The content is a harsh critique and expose, so there is no messing about with vague hints that something is sort of important. Some points are not to be missed (underlined), and some words are the very heart of the matter (doubly underlined). Larger sections are also dealt with this way, thus the single and double side-lining. This makes four levels of emphasis: a general and a specific form in both shorter inline and longer block-like sections. Keeping these separate while not burying the original (with its own emphases) is my problem. Side-lines do this so well, and so simply, that it's a shame they don't translate well into digital methods.

<dream>It'd be nice to be able to make some sort of margin decoration that links to a particular in-line word and continues until another linked word.</dream>

At the moment, I think I'm trying to straddle the fence by simply giving him a digital form of what he has done by hand, and letting it go at that. This will be of limited distribution and need not be "professional", so I'm wondering if the quick way would be to just decide on page size, draw the side-lines, and create a pdf.
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Old 04-02-2014, 11:35 AM   #5
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I will look into Acrobat. I've known of its existence, but never needed anything like it until perhaps now. I'm also trying to set up a website that will host my Dad's articles, and I think they should also be readied for print, so I think I'll be looking into more established digital publishing techniques. At $450, Acrobat isn't out of reach if it will be well used, and no different than MS Office (which, as I understand it, is not a choice tool for publishing work). I'll try the trial version to see what it can do.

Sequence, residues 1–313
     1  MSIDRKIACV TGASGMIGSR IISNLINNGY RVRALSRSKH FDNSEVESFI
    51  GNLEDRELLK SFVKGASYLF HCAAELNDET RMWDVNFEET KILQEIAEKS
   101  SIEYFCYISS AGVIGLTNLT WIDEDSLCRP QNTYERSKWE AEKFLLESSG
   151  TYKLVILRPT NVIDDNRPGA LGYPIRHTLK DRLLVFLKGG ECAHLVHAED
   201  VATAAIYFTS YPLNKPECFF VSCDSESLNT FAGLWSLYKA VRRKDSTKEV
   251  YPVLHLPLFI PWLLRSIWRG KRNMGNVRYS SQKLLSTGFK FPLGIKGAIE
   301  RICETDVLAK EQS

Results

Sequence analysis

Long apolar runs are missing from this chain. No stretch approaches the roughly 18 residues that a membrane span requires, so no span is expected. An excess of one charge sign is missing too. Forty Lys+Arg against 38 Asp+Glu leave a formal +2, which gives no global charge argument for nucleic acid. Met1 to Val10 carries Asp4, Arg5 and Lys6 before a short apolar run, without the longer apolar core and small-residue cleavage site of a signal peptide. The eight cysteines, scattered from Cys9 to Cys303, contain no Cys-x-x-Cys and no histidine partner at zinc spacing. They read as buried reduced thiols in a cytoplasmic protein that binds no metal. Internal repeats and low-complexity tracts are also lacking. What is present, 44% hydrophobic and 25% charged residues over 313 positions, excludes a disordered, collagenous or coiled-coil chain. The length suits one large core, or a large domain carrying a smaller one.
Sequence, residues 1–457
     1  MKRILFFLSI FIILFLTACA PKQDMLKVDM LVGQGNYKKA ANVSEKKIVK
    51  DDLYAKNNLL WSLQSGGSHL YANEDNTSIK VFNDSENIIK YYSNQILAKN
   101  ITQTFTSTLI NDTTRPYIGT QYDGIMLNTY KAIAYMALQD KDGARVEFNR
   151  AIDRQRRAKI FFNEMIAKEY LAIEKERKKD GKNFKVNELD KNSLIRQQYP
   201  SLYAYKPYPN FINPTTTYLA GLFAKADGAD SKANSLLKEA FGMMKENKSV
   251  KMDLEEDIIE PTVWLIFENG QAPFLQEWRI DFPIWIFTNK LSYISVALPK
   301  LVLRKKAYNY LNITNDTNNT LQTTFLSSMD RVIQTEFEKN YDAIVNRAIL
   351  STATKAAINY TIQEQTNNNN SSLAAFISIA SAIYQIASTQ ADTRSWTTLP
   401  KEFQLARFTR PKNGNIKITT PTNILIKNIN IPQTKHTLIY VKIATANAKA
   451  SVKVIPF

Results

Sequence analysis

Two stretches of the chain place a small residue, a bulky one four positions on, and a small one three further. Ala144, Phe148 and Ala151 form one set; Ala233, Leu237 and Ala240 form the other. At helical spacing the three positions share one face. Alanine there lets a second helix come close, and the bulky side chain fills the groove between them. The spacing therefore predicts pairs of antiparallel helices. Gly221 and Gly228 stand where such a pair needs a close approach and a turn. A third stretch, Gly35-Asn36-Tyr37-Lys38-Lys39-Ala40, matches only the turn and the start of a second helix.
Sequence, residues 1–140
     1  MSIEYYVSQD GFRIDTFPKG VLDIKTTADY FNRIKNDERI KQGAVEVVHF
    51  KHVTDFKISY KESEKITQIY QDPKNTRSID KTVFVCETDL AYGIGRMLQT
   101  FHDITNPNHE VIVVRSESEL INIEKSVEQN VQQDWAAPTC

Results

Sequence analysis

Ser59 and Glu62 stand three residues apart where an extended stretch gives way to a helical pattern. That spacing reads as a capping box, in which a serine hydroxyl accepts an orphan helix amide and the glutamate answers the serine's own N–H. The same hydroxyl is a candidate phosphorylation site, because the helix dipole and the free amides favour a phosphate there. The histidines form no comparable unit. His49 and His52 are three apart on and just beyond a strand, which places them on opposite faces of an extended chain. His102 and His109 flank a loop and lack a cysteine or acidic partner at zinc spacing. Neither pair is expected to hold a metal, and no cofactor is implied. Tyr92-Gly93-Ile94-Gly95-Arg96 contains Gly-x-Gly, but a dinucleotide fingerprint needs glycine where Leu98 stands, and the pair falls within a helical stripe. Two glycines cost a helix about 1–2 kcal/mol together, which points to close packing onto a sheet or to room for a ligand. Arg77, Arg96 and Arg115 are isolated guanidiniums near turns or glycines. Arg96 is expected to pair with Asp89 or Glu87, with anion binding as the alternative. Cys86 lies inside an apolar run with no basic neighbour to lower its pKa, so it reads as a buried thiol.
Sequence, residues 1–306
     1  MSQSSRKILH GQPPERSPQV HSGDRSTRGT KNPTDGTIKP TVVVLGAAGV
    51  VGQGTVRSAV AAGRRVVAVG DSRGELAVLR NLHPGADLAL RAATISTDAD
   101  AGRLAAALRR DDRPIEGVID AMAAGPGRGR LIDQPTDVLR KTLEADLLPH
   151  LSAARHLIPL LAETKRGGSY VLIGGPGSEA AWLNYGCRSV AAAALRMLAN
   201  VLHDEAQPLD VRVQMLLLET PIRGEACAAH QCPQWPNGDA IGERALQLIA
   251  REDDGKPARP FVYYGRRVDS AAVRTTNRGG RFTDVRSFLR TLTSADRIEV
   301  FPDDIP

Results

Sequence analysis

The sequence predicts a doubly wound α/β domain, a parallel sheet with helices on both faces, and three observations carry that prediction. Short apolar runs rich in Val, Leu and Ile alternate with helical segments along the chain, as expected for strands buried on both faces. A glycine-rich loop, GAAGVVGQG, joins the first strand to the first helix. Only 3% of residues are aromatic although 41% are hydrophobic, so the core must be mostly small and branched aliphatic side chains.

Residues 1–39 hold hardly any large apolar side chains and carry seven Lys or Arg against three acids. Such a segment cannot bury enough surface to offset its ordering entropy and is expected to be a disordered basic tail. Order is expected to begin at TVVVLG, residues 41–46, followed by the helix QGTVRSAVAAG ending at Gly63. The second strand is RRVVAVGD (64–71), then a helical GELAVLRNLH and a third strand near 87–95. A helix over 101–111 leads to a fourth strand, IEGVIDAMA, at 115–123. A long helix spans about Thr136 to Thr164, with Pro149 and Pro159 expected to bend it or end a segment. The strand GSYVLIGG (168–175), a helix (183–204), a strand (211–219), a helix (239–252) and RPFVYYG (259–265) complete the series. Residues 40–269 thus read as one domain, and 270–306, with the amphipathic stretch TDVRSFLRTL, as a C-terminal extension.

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Old 04-02-2014, 12:16 PM   #6
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I should point out that Acrobat isn't the only PDF tool that can create markups like I described. There are much cheaper tools available, though some may not have all the bells and whistles of Acrobat. An example is the "free" application Preview, that comes with Mac OSX, but there are no doubt lots of options in the Windows world.

   
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Old 04-02-2014, 08:16 PM   #7
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Well, look at how things work out sometimes. If you hadn't started me thinking about pdf tools I wouldn't have realized that I already have PDF Creator Pro. It came with my Omnipage Pro, but I haven't needed a pdf tool yet and so it's been forgotten. I tried out its line drawing tool and it will do what I want. Not a real publishing solution, but it will serve the purpose for now. Thanks for helping me out.
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Old 04-03-2014, 12:14 PM   #8
Steve Rindsberg
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Word's Review | Track Changes feature will do sidelining. I'm not sure exactly what triggers it, but if it were turned on (and you signed in to the computer as a different user so Word's hornswoggled into thinking you're not the same you as typed the text in the first place) it might give you what you're after.

Worth experimenting with, but maybe only if a Word document or the printed results from Word give you what you need. If the text will be published from some other software, Word's sidelining might not be preserved.